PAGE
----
We kept talking about our lives now and the things that we’re passionate about and we ran into a couple of other girls who used to be part of the little group of misfits that sat on the lawn to smoke and trade stories about boys and bands and stealing our parents cars. Two of our group had babies early. I realized while we were talking that most of the girls I knew then were outsiders, one way or the other. They had a common history of showing up randomly, looking lost, being brought into the circle, and then either leaving school suddenly, or drifting off like I did. I had forgotten that we’d flirted with guys in motorcycle gangs, that we used to hitchhike in our uniforms, that we rolled our skirts up so high the hems sat rigidly atop the seats of chairs.
All around us at the reunion, gaggles of women in groups of five or six or seven, linked their arms and bodies together and jumped up and down squealing with delight at simply being in each other’s company. We sure didn’t. The noise and energy got to be too much for me so I walked down to the girls bathroom, the scene of so much former teen drama. The expression of reunion happiness was nauseating me.
I managed to get through a very nice chicken salad lunch with warm (cat-piss) chardonnay and a PowerPoint “in memoria” presentation of about a dozen girls in our class of 223 that have died. Then there was another show of snapshots of all the fun our class had at school plays, dances, and ski trips that I never attended. I wondered if I had been capable of signing up and showing up could I have changed my high school experience? Out of the corner of my eye, I noticed a certain sister (not a sister anymore, I heard) who once told me that I should set my sights on a career in retail. She was sure I could get a job at The Emporium Dept. store.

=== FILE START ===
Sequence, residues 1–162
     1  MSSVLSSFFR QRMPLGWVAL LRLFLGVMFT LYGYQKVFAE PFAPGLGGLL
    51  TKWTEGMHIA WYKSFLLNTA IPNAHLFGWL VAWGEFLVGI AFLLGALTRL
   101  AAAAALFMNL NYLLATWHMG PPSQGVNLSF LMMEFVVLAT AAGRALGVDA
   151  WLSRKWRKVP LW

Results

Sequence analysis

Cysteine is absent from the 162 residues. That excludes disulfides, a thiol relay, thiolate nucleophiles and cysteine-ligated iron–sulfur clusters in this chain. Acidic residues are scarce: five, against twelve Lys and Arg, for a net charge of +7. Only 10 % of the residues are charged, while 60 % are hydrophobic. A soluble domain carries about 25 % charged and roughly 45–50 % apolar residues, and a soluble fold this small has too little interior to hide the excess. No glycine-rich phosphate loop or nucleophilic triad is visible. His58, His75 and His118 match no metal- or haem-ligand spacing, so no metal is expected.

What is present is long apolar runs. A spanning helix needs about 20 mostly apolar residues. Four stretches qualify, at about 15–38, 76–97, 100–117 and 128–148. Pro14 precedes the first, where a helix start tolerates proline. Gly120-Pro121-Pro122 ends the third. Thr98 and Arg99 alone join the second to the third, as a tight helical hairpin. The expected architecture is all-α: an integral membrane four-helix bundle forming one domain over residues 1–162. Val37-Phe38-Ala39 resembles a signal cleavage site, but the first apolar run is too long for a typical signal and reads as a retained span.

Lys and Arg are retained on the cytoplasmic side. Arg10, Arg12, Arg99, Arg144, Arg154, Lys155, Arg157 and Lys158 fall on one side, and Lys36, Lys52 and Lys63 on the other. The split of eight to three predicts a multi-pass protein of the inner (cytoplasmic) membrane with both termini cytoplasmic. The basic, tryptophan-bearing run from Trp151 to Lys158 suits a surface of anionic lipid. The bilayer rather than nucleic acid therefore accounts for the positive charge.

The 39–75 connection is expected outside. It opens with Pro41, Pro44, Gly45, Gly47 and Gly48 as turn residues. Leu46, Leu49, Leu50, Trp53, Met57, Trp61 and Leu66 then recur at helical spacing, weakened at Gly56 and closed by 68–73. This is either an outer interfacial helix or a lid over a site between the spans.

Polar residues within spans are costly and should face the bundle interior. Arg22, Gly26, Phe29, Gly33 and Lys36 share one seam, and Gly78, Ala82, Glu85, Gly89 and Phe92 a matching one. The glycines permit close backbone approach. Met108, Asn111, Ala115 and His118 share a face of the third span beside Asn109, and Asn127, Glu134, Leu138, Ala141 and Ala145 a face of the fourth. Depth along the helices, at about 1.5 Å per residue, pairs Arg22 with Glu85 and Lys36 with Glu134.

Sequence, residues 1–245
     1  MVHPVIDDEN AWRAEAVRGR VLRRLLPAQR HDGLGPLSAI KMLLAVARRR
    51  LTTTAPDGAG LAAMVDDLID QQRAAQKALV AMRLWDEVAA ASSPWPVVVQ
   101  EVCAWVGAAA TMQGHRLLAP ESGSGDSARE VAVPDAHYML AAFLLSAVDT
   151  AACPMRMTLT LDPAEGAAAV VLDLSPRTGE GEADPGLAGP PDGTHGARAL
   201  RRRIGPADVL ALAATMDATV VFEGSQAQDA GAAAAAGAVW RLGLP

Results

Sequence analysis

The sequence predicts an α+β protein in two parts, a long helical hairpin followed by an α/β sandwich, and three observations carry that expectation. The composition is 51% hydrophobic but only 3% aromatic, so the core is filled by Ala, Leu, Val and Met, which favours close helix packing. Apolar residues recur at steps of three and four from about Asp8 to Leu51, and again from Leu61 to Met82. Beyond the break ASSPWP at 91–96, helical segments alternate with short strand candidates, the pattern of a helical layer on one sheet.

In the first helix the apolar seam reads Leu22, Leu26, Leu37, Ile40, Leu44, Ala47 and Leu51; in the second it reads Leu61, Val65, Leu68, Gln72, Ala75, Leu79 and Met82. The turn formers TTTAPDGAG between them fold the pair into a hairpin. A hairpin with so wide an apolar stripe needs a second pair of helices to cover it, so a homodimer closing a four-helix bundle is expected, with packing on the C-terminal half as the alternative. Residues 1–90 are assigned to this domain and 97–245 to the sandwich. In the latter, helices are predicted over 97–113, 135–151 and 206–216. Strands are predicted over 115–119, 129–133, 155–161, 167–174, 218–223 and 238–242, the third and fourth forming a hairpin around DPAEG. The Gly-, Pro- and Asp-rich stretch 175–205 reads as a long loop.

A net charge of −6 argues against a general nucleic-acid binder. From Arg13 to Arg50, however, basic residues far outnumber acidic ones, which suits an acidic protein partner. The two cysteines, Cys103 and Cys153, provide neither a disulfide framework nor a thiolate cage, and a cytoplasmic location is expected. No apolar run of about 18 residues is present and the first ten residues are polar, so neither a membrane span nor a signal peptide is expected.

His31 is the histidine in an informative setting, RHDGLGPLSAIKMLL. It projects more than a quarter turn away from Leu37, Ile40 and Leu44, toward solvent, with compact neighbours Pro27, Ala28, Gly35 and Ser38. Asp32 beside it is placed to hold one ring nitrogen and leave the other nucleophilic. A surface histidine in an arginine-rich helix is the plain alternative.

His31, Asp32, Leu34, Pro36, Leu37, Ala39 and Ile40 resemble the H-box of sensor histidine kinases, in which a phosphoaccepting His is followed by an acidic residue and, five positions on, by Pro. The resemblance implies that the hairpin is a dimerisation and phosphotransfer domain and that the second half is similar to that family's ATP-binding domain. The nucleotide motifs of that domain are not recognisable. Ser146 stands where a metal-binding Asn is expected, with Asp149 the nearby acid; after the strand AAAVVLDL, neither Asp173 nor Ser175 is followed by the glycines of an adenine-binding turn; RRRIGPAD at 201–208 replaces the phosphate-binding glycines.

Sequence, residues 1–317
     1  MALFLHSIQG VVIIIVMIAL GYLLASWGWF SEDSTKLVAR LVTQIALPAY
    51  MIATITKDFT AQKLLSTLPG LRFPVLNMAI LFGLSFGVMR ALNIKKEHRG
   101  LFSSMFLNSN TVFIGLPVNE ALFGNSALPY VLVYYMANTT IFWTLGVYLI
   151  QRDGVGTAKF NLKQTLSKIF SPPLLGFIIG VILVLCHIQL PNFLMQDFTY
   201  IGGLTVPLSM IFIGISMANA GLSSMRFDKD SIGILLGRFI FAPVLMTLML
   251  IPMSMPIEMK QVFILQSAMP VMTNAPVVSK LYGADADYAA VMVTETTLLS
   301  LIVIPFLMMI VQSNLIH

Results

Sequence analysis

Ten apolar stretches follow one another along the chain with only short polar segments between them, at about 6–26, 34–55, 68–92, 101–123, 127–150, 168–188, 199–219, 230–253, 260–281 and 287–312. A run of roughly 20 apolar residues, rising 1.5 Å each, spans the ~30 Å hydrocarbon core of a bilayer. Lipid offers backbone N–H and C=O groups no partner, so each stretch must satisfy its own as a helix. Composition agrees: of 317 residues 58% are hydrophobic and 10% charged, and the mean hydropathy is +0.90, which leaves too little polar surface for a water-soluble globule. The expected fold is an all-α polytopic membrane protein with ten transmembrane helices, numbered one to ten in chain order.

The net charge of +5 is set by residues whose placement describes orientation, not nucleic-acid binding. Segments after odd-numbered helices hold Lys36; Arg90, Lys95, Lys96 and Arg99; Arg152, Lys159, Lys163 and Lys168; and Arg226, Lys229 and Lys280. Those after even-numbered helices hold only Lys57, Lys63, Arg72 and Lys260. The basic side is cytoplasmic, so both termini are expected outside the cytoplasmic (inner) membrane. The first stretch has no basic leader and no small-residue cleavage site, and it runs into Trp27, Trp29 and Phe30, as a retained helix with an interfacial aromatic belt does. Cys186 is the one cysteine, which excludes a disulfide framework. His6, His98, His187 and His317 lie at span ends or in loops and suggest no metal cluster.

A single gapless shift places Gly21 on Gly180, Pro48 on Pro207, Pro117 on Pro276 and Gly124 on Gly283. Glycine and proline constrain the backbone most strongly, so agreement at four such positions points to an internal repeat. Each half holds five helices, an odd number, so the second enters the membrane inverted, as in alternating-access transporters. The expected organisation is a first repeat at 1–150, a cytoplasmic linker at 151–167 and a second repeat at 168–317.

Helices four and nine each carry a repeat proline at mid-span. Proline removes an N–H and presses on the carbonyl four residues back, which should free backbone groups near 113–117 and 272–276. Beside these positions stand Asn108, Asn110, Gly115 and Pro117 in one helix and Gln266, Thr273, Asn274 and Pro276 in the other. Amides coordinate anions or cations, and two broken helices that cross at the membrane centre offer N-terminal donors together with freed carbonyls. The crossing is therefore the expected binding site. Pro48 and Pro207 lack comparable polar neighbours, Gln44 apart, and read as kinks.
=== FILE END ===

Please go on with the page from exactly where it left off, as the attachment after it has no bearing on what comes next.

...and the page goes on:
I went to the bathroom again.
As I stood there combing my hair I was composing the hallway speech I would give to the sister informing her of everything I had accomplished in my life despite never being helped or supported or even seen in any way. It took me awhile, but I found my life path and had built a grand life — she needed to know.
The group photo was scheduled for a few minutes hence and several women were fixing their faces. One said she couldn’t take the NOISE in that room and I agreed. As she opened the door, she turned to ask me “Are you going back in?”
“I’m not really sure I can.” I said with a smile.
But I did head back to the assembly room just as everyone was heading out double doors to the front of the school to have a professional photograph taken on risers under the school banner.
I took a few steps to join the group but stopped short. I realized that nobody needed to hear my speech, least of all the person who had never really seen me in the first place.
“I can’t do this.” I said to myself. “And I don’t have to.”
It wasn’t until I was outside near my car that it suddenly hit me that, because of the way I had parked, I literally had to drive past the entire class of 1973 posing in the blustery cold. Everybody – or nobody – would see me leaving and I didn’t much care.
I was meeting my husband in North Beach to listen to live jazz at the Savoy Tivoli. It was our anniversary and after dinner we’d go to see Sam Shepherd’s “Buried Child” at the Magic Theater. I had faced the past and that was enough. It was time to get back to the best years of my life.